US News: Long COVID’s Organ Damage Lingers for Many: Study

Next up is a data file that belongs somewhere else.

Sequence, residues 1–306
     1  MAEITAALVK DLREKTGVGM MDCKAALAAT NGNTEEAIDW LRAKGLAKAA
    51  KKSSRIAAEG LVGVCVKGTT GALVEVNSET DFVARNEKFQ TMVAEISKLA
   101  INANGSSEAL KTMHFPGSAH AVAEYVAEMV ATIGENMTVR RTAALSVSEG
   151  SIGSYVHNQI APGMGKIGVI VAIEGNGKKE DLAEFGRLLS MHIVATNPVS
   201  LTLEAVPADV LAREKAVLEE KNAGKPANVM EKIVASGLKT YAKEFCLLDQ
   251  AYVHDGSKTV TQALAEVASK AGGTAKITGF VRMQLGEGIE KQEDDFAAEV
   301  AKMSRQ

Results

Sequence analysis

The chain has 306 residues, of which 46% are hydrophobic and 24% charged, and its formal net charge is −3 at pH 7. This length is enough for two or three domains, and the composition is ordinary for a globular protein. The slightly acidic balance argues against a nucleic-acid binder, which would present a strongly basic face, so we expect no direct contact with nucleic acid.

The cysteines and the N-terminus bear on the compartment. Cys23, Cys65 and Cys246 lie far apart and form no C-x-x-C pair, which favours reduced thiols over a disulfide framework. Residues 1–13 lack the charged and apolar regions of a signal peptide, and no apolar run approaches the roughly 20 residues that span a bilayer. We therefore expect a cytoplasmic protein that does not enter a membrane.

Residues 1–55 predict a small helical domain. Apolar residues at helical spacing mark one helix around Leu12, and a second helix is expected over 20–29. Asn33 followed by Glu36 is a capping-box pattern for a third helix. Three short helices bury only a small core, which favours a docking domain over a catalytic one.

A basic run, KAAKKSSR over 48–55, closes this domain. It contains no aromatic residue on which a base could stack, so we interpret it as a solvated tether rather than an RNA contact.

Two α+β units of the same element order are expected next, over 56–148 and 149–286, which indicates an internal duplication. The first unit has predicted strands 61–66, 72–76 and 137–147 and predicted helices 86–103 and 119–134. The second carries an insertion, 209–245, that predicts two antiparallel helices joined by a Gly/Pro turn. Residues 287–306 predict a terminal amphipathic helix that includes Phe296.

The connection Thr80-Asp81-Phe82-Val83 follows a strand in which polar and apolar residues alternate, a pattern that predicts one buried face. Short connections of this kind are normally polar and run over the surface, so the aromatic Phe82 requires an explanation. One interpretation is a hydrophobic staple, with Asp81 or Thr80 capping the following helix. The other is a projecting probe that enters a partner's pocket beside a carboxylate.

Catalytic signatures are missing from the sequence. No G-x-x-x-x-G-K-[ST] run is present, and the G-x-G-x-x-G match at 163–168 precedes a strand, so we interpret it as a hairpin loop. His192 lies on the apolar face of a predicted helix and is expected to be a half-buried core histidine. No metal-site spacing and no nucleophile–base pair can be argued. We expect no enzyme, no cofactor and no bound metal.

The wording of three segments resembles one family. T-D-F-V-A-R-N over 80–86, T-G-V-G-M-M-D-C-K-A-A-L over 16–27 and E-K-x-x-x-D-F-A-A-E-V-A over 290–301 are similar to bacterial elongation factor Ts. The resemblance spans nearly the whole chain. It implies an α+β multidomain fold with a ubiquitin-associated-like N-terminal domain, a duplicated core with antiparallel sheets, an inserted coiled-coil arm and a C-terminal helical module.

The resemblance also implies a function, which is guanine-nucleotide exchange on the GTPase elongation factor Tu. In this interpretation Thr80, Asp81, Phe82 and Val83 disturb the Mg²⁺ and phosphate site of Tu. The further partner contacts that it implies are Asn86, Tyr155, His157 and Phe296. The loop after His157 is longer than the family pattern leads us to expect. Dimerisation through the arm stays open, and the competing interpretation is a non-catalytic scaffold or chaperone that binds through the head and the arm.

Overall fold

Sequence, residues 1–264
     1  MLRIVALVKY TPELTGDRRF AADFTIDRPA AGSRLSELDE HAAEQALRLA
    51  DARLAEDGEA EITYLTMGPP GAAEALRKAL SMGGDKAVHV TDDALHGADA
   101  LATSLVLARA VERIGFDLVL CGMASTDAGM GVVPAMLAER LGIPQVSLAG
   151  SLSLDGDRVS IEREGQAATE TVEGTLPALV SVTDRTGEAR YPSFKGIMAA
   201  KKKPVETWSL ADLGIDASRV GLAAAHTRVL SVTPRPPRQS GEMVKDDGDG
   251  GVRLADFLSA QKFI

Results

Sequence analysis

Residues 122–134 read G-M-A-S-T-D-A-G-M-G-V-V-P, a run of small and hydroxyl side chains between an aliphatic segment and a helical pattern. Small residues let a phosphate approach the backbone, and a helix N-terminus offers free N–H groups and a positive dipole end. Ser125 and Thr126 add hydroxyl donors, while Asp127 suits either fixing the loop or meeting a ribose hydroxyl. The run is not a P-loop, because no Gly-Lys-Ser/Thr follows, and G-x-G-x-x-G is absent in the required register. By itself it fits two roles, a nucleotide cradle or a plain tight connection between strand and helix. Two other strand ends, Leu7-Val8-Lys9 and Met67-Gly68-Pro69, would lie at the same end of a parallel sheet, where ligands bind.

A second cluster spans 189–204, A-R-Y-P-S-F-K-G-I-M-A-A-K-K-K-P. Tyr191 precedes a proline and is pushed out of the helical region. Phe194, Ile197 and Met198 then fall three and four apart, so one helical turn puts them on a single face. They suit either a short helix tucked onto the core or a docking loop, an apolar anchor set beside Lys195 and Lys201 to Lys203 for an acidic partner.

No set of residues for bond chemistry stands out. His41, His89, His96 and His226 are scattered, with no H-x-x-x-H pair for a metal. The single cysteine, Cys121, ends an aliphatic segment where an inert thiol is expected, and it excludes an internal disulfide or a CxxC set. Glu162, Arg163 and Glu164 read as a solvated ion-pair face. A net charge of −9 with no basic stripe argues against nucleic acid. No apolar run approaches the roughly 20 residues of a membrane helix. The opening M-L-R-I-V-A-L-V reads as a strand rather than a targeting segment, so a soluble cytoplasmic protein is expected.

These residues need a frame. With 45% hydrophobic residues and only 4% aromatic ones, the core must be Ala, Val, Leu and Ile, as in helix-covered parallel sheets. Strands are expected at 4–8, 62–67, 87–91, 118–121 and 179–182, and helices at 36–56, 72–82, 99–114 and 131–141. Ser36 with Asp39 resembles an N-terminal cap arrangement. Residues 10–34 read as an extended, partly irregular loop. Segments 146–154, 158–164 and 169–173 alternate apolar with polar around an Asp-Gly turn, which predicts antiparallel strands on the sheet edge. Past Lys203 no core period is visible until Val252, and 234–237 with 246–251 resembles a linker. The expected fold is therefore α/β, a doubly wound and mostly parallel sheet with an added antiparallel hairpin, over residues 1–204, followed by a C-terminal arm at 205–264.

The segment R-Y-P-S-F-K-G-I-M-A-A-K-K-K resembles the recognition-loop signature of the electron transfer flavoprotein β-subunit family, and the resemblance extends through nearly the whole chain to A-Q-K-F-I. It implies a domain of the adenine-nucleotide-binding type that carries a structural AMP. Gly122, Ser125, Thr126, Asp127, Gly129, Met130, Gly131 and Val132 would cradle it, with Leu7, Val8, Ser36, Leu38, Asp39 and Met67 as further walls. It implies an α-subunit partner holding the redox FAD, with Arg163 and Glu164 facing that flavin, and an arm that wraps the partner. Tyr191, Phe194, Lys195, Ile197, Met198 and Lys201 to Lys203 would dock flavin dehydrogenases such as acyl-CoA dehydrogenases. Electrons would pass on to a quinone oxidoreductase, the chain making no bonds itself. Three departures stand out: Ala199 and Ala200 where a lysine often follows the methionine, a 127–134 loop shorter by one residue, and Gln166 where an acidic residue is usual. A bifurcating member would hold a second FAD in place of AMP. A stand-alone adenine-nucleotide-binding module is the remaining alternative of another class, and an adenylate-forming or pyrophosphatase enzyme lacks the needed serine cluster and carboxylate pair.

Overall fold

New British research finds that long COVID patients, even those who were not hospitalized, continue to experience mild organ impairment up to a year after their initial COVID diagnosis. The study, involving 536 patients, revealed that at an average of six months after their initial COVID diagnosis, 38% of patients had extreme breathlessness, 48% had trouble thinking clearly, and 57% reported poor health-related quality of life. The patients each had a multi-organ MRI body scan at six months, which revealed that 62% had some form of mild organ impairment, variously involving the heart, liver, kidney, and/or spleen. At one year, 30% of patients still had breathing problems, 38% continued to have thinking and memory issues, and 45% reported a diminished quality of life. However, most patients had only mild organ impairment, and data from several countries indicate that some people with long COVID do get better. There is still much to learn about long COVID, and researchers continue to work to understand the biological mechanisms that cause it. On the positive side, the COVID vaccine effectively reduces the risk of developing long COVID in the first place. The full article by HealthDaily can be read here on ABC News. For more information on COVID-19 click here. 

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